The U.S. has illegally removed Russia’s archives from its seized consulate in San Francisco, risking retaliation from Moscow, Russia’s Embassy in the U.S. said.
U.S. State Department officials searched the Russian general consulate in San Francisco in October after Russian diplomatic staff wеre forced to vacate the property on Washington’s orders.
One day before the consulate was set to close last month, witnesses and local media saw plumes of smoke coming out of the consulate building. Moscow described the smoke as the result of efforts to "preserve the building," which included the throwing away of garbage. Some commentators, however, speculated that consulate staff was burning paperwork.
The Russian Embassy in Washington said late on Monday that it was prevented by U.S. officials from clearing its archives from the consulate before it closed on Sept. 2.
“Instead, they have packed the archives on their own and moved them to Washington,” the embassy said in an English-language statement on Facebook. The embassy warned the move has “paved a way for similar actions towards the U.S. missions in Russia."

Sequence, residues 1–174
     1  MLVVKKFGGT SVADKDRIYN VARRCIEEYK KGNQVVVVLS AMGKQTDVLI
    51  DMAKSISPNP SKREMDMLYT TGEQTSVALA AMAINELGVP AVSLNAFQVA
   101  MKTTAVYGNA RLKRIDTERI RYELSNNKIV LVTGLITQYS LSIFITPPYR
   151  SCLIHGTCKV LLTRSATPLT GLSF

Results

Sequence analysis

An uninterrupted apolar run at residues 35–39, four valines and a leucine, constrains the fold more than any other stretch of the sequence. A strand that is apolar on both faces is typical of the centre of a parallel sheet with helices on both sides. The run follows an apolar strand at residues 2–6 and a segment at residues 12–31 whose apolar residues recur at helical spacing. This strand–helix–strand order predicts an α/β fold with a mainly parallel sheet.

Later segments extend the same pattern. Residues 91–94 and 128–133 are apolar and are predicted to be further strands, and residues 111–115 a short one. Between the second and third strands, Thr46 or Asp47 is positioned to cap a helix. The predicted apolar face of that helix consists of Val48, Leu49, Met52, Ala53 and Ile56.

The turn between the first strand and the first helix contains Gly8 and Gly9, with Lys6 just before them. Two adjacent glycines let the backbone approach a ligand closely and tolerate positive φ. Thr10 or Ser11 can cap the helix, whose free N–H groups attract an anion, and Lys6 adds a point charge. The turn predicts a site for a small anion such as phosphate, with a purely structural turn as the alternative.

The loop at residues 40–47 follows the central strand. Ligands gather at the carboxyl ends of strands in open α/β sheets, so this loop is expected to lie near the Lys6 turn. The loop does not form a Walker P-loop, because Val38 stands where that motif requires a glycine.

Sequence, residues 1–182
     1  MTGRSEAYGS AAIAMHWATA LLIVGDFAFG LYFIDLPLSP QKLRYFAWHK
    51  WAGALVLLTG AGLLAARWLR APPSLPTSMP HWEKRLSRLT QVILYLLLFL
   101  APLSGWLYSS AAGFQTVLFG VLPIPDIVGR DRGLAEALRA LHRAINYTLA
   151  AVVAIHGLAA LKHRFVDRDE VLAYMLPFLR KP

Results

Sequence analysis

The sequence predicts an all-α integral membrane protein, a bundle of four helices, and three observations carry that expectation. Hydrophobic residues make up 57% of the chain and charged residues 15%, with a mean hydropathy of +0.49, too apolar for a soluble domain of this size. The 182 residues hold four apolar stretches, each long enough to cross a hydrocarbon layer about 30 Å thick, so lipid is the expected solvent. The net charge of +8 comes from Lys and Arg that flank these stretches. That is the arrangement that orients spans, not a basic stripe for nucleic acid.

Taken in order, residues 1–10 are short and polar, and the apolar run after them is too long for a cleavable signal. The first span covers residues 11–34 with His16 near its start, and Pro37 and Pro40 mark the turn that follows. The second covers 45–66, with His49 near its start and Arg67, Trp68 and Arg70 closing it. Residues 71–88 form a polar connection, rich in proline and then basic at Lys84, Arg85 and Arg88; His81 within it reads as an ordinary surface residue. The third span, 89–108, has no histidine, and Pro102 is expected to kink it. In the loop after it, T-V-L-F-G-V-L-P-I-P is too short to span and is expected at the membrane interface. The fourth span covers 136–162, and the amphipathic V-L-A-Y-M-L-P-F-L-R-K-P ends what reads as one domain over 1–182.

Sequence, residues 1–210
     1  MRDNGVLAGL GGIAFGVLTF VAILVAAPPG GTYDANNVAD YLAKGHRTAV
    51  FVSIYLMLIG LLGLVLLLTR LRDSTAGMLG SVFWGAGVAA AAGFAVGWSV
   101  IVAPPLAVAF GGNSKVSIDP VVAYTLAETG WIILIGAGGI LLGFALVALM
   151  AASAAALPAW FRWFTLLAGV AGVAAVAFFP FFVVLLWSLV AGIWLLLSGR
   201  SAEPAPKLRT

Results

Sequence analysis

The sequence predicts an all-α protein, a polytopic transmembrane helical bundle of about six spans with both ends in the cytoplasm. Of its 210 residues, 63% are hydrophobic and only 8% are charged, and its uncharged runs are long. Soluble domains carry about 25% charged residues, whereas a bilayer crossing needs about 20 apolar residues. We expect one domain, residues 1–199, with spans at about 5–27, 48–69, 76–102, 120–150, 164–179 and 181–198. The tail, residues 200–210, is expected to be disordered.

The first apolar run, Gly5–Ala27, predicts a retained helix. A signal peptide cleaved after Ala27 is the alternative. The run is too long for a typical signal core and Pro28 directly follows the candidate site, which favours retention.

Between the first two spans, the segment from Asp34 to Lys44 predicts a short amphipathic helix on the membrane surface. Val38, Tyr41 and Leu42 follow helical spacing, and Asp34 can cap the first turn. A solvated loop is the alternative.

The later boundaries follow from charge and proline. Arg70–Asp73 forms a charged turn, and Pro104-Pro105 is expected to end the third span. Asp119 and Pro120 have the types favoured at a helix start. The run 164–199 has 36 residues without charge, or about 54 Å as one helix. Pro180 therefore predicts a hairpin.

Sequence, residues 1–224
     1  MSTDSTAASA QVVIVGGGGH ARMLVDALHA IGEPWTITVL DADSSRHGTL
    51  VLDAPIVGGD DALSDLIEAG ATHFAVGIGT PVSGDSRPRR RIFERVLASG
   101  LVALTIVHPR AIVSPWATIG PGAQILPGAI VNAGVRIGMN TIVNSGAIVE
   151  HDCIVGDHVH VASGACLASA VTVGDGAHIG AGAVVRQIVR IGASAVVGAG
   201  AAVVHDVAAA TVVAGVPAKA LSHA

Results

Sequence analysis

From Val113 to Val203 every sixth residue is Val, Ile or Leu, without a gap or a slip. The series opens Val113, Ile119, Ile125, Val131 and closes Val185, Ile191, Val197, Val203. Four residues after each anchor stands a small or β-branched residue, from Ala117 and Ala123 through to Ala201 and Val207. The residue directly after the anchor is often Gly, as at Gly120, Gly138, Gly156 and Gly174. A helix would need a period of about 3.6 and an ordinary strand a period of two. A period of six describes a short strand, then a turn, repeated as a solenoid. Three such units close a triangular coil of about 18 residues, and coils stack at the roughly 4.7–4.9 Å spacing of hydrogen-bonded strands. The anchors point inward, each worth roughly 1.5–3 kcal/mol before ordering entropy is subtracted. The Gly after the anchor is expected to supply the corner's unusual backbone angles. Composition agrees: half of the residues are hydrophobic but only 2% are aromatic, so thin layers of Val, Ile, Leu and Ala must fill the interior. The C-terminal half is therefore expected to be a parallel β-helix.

The archives were returned to the Russian Embassy in Washington on Monday, Oct. 23, the statement said.
Russia was ordered to vacate its San Francisco consulate and two other consular annexes after Moscow instructed the U.S. to reduce its diplomatic mission by hundreds of people. The demand followed a U.S. vote to tighten sanctions on Russia.
Moscow called the move a response to the previous U.S. administration’s seizure of two Russian diplomatic compounds and the expulsion of dozens of Russian diplomats in December 2016 over allegations of election interference.